Zofran Safer Than Opioid Painkillers for Neonatal Abstinence Syndrome: Study
Researchers from Stanford University are calling on doctors to avoid giving opioid pain killers to infants suffering neonatal abstinence syndrome, instead saying the antinausea drug Zofran might provide a better treatment.
In a study published in the Journal of the American Medical Association (JAMA) on October 15, researchers from Stanford University School of Medicine suggested that giving opioids to infants whose mothers were addicted to the same drugs may cause developmental problems.
Researcher suggested that it is safe to give Zofran (ondansetron) both to the baby and to pregnant mothers to combat morning sickness and nausea caused by anesthesia given during childbirth.
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Neonatal abstinence syndrome (NAS) is a multisymptom disorder that causes a number of health problems in neonates who were exposed to opioids like morphine and OxyContin in the womb, and then abruptly cease to have the drugs in their system after being born. It is similar to the effects of withdrawal. The condition occurs in about 50% of cases where mothers were using opioids during pregnancy and at birth, and the researchers estimate that about 13,500 infants are born with NAS every year; a number that has increased by a factor of five from 2000 to 2012.
In many cases, infants suffering NAS are given opioid therapy to help them sleep, gain weight, and reduce irritability. However, the researchers point out that this could increase the risk of long-term cognitive developmental problems.
“Ondansetron has an excellent safety record, and its use in pregnant women to treat pregnancy-induced nausea and during labor for the anesthetic-induced nausea has not been associated with adverse fetal outcomes,” the researchers concluded.
The recommendations come amid increasing concerns about the risk of Zofran side effects when the drug is used early in pregnancy, as other research has suggested that use of the anti-nausea drug during the first trimester of pregnancy may increase the risk of birth defects for infants exposed earlier in their development.
Zofran Pregnancy Risks
Zofran (ondansetron) is an anti-nausea medication sold by GlaxoSmithKline, which is only approved for treatment of nausea and vomiting among cancer and surgery patients. However, it has been widely used “off-label” for morning sickness or pregnancy-induced nausea and vomiting, even though the FDA has not determined that it is safe.
While researchers in this latest report indicate that Zofran is safe when used late in pregnancy for anesthetic-induced nausea, several studies have highlighted potential Zofran pregnancy risks when the medication is used early in the pregnancy, where it may impact development of the fetus.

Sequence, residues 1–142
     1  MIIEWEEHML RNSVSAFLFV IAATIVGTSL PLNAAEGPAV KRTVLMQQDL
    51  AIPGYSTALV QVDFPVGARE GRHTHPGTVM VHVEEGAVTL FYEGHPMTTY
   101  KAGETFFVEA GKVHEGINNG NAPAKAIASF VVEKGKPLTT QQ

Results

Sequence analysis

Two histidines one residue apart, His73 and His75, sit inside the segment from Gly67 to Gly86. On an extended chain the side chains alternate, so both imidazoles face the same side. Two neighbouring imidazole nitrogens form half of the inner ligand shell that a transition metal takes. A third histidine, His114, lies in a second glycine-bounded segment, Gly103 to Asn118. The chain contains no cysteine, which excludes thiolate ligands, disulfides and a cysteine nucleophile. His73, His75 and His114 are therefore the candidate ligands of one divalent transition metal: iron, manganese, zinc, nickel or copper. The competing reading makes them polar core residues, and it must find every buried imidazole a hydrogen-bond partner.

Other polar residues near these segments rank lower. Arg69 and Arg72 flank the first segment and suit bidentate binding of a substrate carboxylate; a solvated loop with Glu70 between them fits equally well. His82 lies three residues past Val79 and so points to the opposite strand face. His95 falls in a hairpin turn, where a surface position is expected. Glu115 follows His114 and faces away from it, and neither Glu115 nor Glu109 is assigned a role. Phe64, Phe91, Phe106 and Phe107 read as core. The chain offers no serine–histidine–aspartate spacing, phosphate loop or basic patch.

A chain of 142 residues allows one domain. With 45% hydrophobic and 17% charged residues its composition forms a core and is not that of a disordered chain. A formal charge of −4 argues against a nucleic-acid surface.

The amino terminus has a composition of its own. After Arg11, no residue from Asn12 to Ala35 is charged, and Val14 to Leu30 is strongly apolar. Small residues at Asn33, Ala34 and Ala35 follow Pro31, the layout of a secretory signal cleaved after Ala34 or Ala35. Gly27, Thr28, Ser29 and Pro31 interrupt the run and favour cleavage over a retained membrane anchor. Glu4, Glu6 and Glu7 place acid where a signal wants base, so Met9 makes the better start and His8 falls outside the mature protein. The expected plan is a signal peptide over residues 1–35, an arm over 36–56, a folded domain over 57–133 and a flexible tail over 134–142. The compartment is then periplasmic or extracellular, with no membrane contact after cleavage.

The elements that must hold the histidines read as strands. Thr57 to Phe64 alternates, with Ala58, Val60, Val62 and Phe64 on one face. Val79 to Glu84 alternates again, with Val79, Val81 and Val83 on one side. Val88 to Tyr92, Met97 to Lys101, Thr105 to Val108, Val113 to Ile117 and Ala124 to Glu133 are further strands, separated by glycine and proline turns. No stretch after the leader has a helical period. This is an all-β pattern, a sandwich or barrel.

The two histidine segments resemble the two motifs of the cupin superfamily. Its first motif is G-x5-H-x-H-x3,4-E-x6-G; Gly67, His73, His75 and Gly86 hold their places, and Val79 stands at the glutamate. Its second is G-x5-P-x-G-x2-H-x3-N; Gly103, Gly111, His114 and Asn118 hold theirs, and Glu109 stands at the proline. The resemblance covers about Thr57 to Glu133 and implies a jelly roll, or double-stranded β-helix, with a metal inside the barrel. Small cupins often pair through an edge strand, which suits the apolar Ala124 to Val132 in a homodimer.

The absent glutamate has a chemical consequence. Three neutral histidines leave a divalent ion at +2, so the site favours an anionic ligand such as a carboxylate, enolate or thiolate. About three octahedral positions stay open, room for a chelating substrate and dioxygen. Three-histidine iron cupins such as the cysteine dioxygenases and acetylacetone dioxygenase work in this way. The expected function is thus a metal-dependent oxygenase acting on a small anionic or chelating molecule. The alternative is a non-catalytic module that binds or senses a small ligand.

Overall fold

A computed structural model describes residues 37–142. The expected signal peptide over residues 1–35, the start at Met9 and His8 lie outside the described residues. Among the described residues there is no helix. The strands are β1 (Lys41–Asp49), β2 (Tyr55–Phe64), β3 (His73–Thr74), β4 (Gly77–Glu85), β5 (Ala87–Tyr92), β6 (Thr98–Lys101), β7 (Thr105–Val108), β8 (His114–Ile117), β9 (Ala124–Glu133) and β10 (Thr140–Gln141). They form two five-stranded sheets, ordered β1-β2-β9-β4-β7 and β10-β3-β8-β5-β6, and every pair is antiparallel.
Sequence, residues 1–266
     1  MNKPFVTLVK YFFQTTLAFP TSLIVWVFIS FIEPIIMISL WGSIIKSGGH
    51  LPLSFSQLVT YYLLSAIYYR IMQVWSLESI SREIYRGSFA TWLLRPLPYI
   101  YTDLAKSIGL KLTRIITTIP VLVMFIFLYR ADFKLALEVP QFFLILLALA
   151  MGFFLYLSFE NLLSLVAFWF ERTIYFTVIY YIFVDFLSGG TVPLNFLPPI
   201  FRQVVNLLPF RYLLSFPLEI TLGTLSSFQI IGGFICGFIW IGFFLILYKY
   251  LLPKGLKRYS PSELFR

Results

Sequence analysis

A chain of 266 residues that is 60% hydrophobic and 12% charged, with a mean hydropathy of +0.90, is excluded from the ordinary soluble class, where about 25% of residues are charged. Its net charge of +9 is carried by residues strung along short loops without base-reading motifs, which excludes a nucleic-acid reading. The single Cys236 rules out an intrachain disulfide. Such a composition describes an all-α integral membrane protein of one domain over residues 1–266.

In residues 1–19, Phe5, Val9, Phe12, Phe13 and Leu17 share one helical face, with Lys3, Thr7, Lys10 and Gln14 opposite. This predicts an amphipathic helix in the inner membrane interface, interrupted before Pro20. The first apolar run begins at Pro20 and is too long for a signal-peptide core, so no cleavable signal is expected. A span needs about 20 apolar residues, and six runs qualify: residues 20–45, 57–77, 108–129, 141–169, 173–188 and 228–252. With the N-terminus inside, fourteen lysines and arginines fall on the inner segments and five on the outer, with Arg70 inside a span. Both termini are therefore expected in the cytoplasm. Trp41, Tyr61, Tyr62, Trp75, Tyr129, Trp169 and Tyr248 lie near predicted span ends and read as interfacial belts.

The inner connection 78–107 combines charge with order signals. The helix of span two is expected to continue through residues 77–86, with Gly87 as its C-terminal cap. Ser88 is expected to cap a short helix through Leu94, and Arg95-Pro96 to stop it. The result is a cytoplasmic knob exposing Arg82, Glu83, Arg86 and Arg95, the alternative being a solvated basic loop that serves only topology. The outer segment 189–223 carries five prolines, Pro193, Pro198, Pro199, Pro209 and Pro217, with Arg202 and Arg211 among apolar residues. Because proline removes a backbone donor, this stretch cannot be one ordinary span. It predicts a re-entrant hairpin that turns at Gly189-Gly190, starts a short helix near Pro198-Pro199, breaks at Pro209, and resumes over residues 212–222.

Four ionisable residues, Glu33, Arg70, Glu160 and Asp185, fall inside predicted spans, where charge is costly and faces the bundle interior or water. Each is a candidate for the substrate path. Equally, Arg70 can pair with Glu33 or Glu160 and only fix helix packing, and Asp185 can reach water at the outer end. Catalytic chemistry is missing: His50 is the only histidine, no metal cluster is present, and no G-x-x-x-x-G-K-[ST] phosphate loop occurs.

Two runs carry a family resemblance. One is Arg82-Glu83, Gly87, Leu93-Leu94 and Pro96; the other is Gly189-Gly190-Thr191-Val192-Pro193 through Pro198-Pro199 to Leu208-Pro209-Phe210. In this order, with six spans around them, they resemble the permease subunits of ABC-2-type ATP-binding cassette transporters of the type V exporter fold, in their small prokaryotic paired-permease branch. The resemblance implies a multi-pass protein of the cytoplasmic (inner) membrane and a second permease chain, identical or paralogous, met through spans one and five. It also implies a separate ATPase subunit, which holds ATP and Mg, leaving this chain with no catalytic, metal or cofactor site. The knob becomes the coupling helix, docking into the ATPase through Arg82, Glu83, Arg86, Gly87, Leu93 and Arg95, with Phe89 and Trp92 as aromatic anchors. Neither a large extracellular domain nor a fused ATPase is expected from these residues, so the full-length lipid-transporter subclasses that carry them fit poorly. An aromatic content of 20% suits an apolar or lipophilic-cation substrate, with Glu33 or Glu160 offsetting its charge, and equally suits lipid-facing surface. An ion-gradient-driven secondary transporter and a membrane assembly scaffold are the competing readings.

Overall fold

As early as 2006, a study published by Hong Kong researchers confirmed that Zofran crosses the placenta in significant amounts when taken by pregnant women. Researchers concluded that the “developmental significance of this drug exposure requires further investigation,” yet millions of women have continued to be prescribed the medication for morning sickness experienced during the first weeks of pregnancy.
In November 2011, a study published in the medical journal Birth Defects Research Part A: Clinical and Molecular Teratology concluded that women may be 2.37 times more likely to give birth to a child with a cleft palate following Zofran use. This may leave children with a severe facial deformity, which can occur when development of the fetus is impacted during the first trimester.
Additional studies have also identified potential Zofran heart defect risks. An August 2013 study that reviewed data on more than 900,000 pregnancies in the Danish Medical Birth Registry found that children may be two to four times more likely to suffer a septal defect, involving holes in the heart, following Zofran exposure. Heart murmurs following Zofran use during pregnancy may be a sign or symptom of these heart problems.
More recently, a study published by the medical journal Reproductive Toxicology in October 2014 found that there is a statistically significant increased risk for certain heart defects with Zofran use early in pregnancy.
In recent months, a growing number of families throughout the United States are now pursuing Zofran birth defect lawsuits against GlaxoSmithKline, alleging that the drug maker placed their desire for profits before consumer safety, withholding information and warnings about the pregnancy risks from consumers and the medical community.
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